Jose Antonio Vanderhorst-Silverio | Apr 22, 2010
Under the IntelligentUtility Insight, The 'Next Big Thing', written by Phil Carson, I wrote the following comment:
“Fifteen years ago I used charred paper and card in the construction of an electric lamp on the incandescent principle. I used it too in the shape of a horse-shoe precisely as you say Mr. Edison is now using it.”
in a letter to Nature, January 1, 1880
“There you have it. No sooner does a fellow succeed in making a good thing than some other fellows pop and tell you they did it years ago.”
Hello Mr. Carson,
I like very much your contribution. However, as you will see next, I doubt whether the Next Big Thing can also be classified with more certainty as business model innovations. Your response to the title is expected.
The quotes by Swan and Edison may seem just the reverse of your article about the well respected firm KEMA and his expert Mr. Ron Willoughby. But, back in 1988, Stanley Klein made the observation that electric restructuring was "fundamentally an information technology event." I think that by itself may be sufficient to give Mr. Klein some credit.
In March of 2007, I repeated Mr. klein's quote at Carnegie Mellon University in the presentation A Generative Dialogue to Reach the End-State of the Electricity Industry, to argue in slide 3 that “I am glad to be here at CMU to suggest a generative dialogue to get the power industry in the 5th [technological] revolution.” I also argue on slide 21 that “[c]ompetitive utility retailers business model innovations are at the center of the market” and in slide 34 added that “Competitive retailers exploit economies of scope:
Segmenting customers according to demand side reliability differentiation among many other parameters.
Take control of strategic enterprise solutions to develop innovative business models that reap interdependencies.
About the same time, “Competing on Analytics: The New Science of Winning, released by Harvard Business School Press in March, is the first book to lay out a plan for businesses to use analytics to their competitive advantage. According to authors Thomas H. Davenport and Jeanne G. Harris, businesses have reached a critical juncture in the history of global competition as we enter what they call the ‘Age of Analytics.’”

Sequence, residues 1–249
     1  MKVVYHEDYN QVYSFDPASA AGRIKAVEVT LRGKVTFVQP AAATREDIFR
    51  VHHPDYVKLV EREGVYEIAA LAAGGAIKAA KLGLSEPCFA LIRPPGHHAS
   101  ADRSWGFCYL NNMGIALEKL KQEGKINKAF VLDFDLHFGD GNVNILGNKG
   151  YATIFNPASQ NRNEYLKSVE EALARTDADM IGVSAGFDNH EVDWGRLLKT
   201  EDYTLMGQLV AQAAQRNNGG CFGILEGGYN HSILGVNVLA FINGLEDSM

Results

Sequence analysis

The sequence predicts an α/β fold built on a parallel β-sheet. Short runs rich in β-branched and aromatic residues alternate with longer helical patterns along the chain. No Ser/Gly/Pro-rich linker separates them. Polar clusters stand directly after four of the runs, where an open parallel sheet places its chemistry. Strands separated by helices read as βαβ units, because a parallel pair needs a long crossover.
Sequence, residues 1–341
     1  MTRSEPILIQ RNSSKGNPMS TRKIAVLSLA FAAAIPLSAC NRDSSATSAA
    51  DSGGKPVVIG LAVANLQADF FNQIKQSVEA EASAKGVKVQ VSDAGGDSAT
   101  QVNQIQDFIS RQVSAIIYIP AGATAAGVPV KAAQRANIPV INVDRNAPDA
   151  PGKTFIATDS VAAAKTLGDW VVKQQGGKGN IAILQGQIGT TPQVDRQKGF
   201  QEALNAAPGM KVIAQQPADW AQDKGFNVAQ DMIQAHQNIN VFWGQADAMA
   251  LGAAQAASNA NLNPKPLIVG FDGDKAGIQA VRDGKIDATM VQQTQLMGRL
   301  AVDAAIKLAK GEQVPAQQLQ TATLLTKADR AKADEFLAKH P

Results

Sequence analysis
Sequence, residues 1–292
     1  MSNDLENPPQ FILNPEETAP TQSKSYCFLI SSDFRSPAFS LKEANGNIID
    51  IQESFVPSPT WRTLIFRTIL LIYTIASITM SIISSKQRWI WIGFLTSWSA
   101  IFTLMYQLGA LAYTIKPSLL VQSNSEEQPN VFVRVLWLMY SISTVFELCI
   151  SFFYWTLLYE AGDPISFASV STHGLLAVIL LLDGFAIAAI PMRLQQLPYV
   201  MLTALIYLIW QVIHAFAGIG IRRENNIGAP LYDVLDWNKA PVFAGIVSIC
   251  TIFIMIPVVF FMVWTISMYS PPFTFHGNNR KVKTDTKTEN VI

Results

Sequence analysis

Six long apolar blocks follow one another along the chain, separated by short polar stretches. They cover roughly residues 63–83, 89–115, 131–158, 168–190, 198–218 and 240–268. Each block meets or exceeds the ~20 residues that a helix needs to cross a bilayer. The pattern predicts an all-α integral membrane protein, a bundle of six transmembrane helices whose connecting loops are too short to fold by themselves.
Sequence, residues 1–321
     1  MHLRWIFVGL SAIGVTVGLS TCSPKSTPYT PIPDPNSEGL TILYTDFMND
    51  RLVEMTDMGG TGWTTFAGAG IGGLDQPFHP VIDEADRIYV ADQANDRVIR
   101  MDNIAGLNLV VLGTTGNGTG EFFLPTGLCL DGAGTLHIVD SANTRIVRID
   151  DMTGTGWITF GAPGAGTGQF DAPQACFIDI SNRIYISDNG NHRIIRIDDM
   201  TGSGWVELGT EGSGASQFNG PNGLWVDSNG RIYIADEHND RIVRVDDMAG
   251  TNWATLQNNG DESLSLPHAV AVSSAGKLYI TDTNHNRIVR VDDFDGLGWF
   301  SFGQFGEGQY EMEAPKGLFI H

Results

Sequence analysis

Analytics is one of the ways to develop business model innovations. Yesterday, in the Knowledge Problem Blog, Michael Giberson wrote the postMore smart grid insight, under which I added the following comment:
Hello Mr. Giberson,
In response to Mr. Hunt’s article Threats to the Utility Business Model Future, I posted an additional smart grid insight:
Mr. Hunt has shown very important facts on the obsolescence of the utility business model, which I understand can be complemented to favor government restructuring in the power industry as soon as possible. Giving the benefit of the doubt to that business model, he writes that “[t]he traditional central station power generation utility business model is under assault on many fronts. It has endured for 100 years because of its reliability and low average costs.”
However, that apparently enduring front has also been already lost. I do not remember where I learn that the utility business model is nothing more than winning rate cases to the regulator. The main problem is that state regulators instructions need to change to enable business model innovations. The value destruction associated with extending business as usual regulations is not longer advisable for all stakeholders.